The benefits for util­i­tar­ian ori­ented groups gath­er­ing be­hind a sin­gle ide­ol­ogy are fairly nu­mer­ous from an or­gani­sa­tional per­spec­tive, where it is pos­si­ble to sup­port one an­other to equal­ise move­ment dis­course in such a way that groups re­in­force one an­other. So we could look at cor­re­la­tions be­tween as­so­ci­ated groups that dom­i­nate an­i­mal con­fer­ences, such as the In­ter­na­tional An­i­mal Rights Con­fer­ence, An­i­mal Rights Con­fer­ence and Sen­tience Con­fer­ence (in par­tic­u­lar). This also means that groups can global­ise un­der the same sys­tem, and this has hap­pened in re­la­tion to the Cen­tre for Effec­tive Ve­gan Ad­vo­cacy (CEVA), an ide­olog­i­cally re­duc­etar­ian or­gani­sa­tion that has cho­sen not to define the pa­ram­e­ters of the work it un­der­takes. This is an ap­proach backed by Peter Singer, Pro Veg, Fau­n­a­lyt­ics, An­i­mal Equal­ity, Beyond Car­nism, FARM Sanc­tu­ary, Good Food In­sti­tute and HSUS through their board of ad­vi­sors. It’s also worth men­tion­ing at this point that in­clud­ing Peter Singer as a board ad­vi­sor can make it difficult to raise crit­i­cal points in re­la­tion to or­gani­sa­tions, this seems to co­in­cide with peo­ple giv­ing sup­port on the ba­sis of an as­so­ci­a­tion with one of the most fa­mous peo­ple in Effec­tive Altru­ism. So to ar­gue against them in some way, is of­ten to ar­gue against the sup­port he gives to that or­gani­sa­tion, and es­sen­tially his judge­ment in do­ing so.

Even whilst this form of welfare /​ re­duc­etar­ian ad­vo­cacy has be­come the norm within EAA, it still re­mains that in 2016 ACE recom­mended both An­i­mal Ethics and the Non-Hu­man Rights Pro­ject, and nei­ther nec­es­sar­ily fit into the welfare /​ abo­li­tion cat­e­gory, or are they par­tic­u­larly re­lated groups. How­ever, the over­all pic­ture sup­ports a dom­i­nant dis­course that is a com­bi­na­tion of util­i­tar­i­anism and welfare, so given that in­fluence we ought to ask how it is that EAAs are work­ing hard to be in­clu­sive of other or­gani­sa­tions and value sys­tems. So one ques­tion might be the ex­tent ACE are work­ing with, and eval­u­at­ing groups that ex­ist out­side the welfare paradigm in or­der to in­cor­po­rate those is­sues of di­ver­sity. In some ways there has been a lit­tle progress in re­la­tion to sev­eral in­ter­views, the in­cor­po­ra­tion of some of the ideas as part of a sym­po­sium, and an ar­ti­cle this year, but it re­mains un­clear as to how im­por­tant this is to ACE or EAA gen­er­ally, and there is a vast dis­par­ity when com­par­ing the work un­der­taken with welfare or­gani­sa­tions, where is­sues such as these haven’t been in­cor­po­rated in a mean­ingful way.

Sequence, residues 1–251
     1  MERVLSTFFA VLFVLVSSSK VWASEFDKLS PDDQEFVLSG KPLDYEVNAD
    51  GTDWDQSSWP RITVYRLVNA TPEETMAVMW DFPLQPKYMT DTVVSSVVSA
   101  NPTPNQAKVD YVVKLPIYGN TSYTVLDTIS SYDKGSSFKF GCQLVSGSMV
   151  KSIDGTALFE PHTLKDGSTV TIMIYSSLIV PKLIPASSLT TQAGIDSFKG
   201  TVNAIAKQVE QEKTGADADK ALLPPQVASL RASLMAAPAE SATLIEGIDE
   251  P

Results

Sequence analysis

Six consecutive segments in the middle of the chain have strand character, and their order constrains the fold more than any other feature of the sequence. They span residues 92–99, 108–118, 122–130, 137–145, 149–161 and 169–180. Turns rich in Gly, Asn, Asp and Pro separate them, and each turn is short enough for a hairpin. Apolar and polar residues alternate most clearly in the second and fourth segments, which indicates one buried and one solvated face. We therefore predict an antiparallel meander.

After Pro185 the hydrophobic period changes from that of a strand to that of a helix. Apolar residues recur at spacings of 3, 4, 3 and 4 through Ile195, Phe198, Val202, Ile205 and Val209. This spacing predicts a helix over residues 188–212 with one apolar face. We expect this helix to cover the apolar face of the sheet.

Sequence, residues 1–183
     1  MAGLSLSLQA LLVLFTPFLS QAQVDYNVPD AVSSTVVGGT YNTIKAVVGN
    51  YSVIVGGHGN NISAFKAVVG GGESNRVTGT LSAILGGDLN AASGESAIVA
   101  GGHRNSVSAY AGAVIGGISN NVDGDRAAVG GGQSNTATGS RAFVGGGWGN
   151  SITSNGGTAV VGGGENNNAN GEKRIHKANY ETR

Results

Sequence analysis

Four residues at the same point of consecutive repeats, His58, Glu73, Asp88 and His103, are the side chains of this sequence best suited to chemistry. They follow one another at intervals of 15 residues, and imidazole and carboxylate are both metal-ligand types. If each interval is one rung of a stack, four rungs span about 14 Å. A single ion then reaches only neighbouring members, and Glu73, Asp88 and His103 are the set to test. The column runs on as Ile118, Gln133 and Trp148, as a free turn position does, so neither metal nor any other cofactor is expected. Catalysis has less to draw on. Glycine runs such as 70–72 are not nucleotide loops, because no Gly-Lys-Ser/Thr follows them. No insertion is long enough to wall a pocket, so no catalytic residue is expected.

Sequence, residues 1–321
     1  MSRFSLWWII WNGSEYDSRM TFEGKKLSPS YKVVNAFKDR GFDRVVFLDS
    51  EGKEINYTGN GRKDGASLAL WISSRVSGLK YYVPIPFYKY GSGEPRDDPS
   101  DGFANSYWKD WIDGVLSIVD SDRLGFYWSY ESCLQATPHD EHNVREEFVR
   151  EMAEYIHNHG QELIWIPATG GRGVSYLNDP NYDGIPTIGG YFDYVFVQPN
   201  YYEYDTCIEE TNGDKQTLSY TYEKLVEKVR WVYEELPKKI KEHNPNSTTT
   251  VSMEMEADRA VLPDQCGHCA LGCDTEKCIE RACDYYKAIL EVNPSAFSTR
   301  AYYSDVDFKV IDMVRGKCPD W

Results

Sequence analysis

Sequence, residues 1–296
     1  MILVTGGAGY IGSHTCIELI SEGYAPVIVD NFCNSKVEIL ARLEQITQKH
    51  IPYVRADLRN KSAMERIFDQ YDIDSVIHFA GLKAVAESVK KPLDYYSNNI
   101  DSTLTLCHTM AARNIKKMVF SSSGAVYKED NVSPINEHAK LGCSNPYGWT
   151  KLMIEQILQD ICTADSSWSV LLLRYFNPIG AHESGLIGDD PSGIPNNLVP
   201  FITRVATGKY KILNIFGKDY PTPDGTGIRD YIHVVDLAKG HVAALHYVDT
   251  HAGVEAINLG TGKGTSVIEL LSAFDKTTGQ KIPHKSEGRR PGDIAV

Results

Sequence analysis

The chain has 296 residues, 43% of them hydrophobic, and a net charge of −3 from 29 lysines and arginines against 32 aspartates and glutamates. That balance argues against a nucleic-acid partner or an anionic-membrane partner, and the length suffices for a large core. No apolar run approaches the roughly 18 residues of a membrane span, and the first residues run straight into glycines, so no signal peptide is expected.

We also might con­sider the im­pact that EAA backed welfare or­gani­sa­tions have had within the broader an­i­mal move­ment, and the pos­si­bil­ity that peo­ple who choose not to as­so­ci­ate with welfarism would also be­come dis­en­fran­chised with Effec­tive Altru­ism, or in­deed choose not to en­gage at all. Of course, we could won­der whether peo­ple would form their own groups, or at­tempt to ex­ist out­side this paradigm, though we could counter that ‘welfare’ has also be­come in­creas­ingly global­ised, so there is a con­se­quent difficulty in main­tain­ing al­ter­na­tive spaces. I be­lieve the im­pact of this into the fu­ture has been un­der-con­sid­ered in a similar way to how its ex­is­tence has been ne­glected. Given this out­come EAA is un­likely to at­tract lead­ing thinkers from differ­ent value sys­tems, and this could be ac­counted as a cost in the re­duc­tion of anal­y­sis from differ­ent per­spec­tives, and per­haps anal­y­sis over­all (whilst also in­cor­po­rat­ing the risk of re­plac­ing ex­per­tise with some­thing far less use­ful).

Another point to con­sider is where com­pet­i­tive move­ment as­pects may have be­come limited, po­ten­tially lead­ing to a de­cline in en­gage­ment. For in­stance, if EAA had the ap­pear­ance of con­sid­er­ing welfare as the best thing, and any­thing not as­so­ci­ated with it as sec­ondary, less effec­tive or in­effec­tive, then it can also diminish the re­quire­ment for counter con­sid­er­a­tion. Ar­guably we may already have reached the point that welfare has be­come the dom­i­nant nar­ra­tive to the ex­tent that EA frame­works are un­der ap­plied, as util­is­ing that per­spec­tive would have be­come self-ev­i­dent. Fur­ther to this, meta-eval­u­a­tion is not con­sid­ered rea­son­ably im­por­tant by ei­ther GiveWell or ACE, and nei­ther by many peo­ple within EAA, so if we be­lieve there is at least some val­idity in re­la­tion to con­cerns raised, there is no refer­ence point to in­de­pen­dent sources that could lead to val­i­da­tion or in­val­i­da­tion.